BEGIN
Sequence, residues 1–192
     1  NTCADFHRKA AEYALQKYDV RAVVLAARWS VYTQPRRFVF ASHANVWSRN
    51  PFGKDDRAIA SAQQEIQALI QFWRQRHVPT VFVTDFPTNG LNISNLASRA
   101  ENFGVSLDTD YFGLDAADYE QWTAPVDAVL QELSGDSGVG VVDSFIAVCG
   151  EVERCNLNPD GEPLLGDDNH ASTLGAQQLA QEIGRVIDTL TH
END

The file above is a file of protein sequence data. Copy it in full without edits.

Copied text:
Sequence, residues 1–192
     1  NTCADFHRKA AEYALQKYDV RAVVLAARWS VYTQPRRFVF ASHANVWSRN
    51  PFGKDDRAIA SAQQEIQALI QFWRQRHVPT VFVTDFPTNG LNISNLASRA
   101  ENFGVSLDTD YFGLDAADYE QWTAPVDAVL QELSGDSGVG VVDSFIAVCG
   151  EVERCNLNPD GEPLLGDDNH ASTLGAQQLA QEIGRVIDTL TH